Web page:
FoMO is described by Wikipedia as
"a pervasive apprehension that others might be having rewarding experiences from which one is absent”. This social angst is characterized by "a desire to stay continually connected with what others are doing". While others defined FoMO as a fear of regret, which may lead to a compulsive concern that one might miss an opportunity for social interaction, a novel experience, profitable investment or other satisfying event. In other words, FoMO perpetuates the fear that we have made the wrong decision on how to spend our time, as "you can imagine how things could be different".What does this have to with trade secrets and investing? The reasoning goes something like this. Investors are supposed to favour as much disclosure as possible about the object of their investment. The securities regulation apparatus put in place was intended to protect the public investor from investing blindly and many a Wall Street or City of London lawyer has enjoyed a well-remunerated life dealing with the minutiae of the disclosure requirements imposed upon public companies. But such disclosure requirements run up against the fact that a hi-tech company may rely on trade secrets as a way to protect its technology. Thus, while a patent, or even a published patent application, can be examined by a potential investor, a company’s trade secrets cannot. The upshot is that the investor is told that the company’s secret sauce is in a black box, which is hermetically sealed from public scrutiny.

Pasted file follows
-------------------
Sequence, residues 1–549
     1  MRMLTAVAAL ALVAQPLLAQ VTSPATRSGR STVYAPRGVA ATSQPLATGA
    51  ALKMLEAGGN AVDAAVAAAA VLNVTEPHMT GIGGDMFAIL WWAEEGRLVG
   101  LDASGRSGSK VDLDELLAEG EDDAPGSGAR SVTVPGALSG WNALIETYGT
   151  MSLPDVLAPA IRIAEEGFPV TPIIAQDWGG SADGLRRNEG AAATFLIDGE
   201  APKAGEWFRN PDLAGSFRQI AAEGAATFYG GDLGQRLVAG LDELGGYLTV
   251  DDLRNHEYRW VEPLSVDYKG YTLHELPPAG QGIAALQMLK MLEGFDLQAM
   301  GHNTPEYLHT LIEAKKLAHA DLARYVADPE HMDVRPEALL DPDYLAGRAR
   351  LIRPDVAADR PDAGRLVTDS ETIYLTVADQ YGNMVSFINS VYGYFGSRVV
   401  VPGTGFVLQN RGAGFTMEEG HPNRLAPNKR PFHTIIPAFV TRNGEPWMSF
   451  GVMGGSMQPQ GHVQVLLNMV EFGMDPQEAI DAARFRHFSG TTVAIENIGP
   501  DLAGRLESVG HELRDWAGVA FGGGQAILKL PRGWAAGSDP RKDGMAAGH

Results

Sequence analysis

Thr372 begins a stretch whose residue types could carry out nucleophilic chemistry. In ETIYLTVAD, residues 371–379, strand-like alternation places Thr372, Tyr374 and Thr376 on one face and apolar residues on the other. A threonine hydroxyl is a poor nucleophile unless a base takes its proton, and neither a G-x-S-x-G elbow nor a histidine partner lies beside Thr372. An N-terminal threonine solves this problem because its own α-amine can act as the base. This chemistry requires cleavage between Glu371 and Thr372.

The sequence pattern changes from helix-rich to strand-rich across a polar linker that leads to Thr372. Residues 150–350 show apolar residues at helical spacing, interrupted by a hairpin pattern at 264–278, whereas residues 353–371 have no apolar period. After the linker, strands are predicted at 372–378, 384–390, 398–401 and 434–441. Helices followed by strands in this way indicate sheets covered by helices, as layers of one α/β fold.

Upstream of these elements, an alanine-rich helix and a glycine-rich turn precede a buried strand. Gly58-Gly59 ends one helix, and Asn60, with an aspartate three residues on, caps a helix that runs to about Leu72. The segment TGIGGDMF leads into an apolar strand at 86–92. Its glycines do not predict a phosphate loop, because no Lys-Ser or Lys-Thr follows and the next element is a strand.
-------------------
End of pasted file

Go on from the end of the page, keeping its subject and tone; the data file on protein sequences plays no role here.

This Kat has encountered a variation of the FoMO phenomenon where the investment is private rather than as part of public fund-raising. Even here, the target may limit (or even prevent) disclosure of the inner sanctum of its trade secrets as part of the due diligence process, with the result that the investor remains in the (at least relative) dark about the company’s trade secrets. The target obviously wants the funding, but at what cost to disclosure of its trade secrets? The ultimate investment result may well depend upon how strong is the investor’s sense of FoMO with respect to the investment. When the investor is part of an investment consortium, the potential FoMO-based pressures that may be brought to bear on each other will only be magnified. An investor may choose to invest in a herd-like fashion even when no trade secret is involved. But the presence of the trade secret as a potentially central asset of the company highlights the sometimes uneasy relationship between trade secret protection and other public and private interests.